Development of Biological Criteria for Siting and Operation of Juvenile Fish Bypass Systems: Implications for Protecting Juvenile Salmonids from Predation
Fish Passage Policy and Technology: Proceedings of a Symposium
American Fisheries Society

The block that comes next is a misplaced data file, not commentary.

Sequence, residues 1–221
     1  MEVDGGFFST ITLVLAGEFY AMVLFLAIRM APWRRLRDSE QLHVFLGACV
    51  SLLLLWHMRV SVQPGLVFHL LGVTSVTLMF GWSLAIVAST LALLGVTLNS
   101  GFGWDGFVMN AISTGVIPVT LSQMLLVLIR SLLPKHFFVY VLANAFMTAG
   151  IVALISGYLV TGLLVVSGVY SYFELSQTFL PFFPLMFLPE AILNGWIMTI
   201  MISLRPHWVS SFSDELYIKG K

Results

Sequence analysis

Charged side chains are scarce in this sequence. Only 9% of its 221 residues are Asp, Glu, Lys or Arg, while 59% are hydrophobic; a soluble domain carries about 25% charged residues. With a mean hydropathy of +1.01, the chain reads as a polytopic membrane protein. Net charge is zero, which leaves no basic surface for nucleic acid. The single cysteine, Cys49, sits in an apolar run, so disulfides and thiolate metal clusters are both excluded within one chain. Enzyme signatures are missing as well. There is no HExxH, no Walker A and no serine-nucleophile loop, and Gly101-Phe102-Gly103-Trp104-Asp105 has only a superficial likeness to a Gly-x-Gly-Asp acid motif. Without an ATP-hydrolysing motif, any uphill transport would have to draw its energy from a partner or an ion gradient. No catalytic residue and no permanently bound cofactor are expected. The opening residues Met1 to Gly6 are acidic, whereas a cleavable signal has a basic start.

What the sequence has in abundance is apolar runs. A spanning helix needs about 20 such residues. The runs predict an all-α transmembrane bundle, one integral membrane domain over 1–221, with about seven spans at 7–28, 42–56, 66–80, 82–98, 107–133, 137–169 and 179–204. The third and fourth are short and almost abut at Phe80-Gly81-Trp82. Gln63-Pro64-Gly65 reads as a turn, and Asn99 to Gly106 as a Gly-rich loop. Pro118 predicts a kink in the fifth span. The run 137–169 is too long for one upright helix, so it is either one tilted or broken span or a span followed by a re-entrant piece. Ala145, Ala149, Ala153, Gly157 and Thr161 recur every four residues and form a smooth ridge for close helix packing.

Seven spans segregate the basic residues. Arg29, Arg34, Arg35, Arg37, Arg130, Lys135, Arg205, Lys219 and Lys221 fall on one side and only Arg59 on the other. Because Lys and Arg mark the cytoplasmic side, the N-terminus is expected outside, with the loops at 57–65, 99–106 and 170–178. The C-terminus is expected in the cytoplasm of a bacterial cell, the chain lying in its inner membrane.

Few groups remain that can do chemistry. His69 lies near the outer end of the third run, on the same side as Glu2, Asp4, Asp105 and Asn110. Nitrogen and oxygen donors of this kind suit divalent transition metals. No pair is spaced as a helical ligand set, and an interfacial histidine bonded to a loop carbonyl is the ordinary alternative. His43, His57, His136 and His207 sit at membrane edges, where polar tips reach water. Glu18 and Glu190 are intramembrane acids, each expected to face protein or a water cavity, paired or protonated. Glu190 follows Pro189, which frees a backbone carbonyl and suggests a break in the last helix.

In the lower Columbia River, predation by northern squawfish Ptychocheilus oregonensis on juvenile salmonids at dam bypass release site(s) may cancel out the positive benefits of the entire bypass system. Consequently, several research studies were initiated to develop criteria for siting and operating bypass outfalls based on the behavior and performance limitations of predators and prey. First, prolonged swimming performance studies of northern squawfish indicate that water velocities ranging from 100 to 130 cm/s would elicit a high rate of fatigue, perhaps excluding or reducing predator efficiency at bypass outfall locations. Second, a physical hydraulic model (1:80 scale) of the Dalles River Dam and tailrace indicates that several potential bypass outfall sites would meet the above velocity criteria at river flow levels above 150,000 cfs. Finally, data from radio-tagged northern squawfish in The Dalles Dam indicate that they aggregate around bypass exits and respond to changes in dam operations. Based on our results to date, we recommend that when siting new or modifying existing bypass facilities that the outfall be in an area of high water velocity and distant from eddies, submerged cover, and littoral areas in general.
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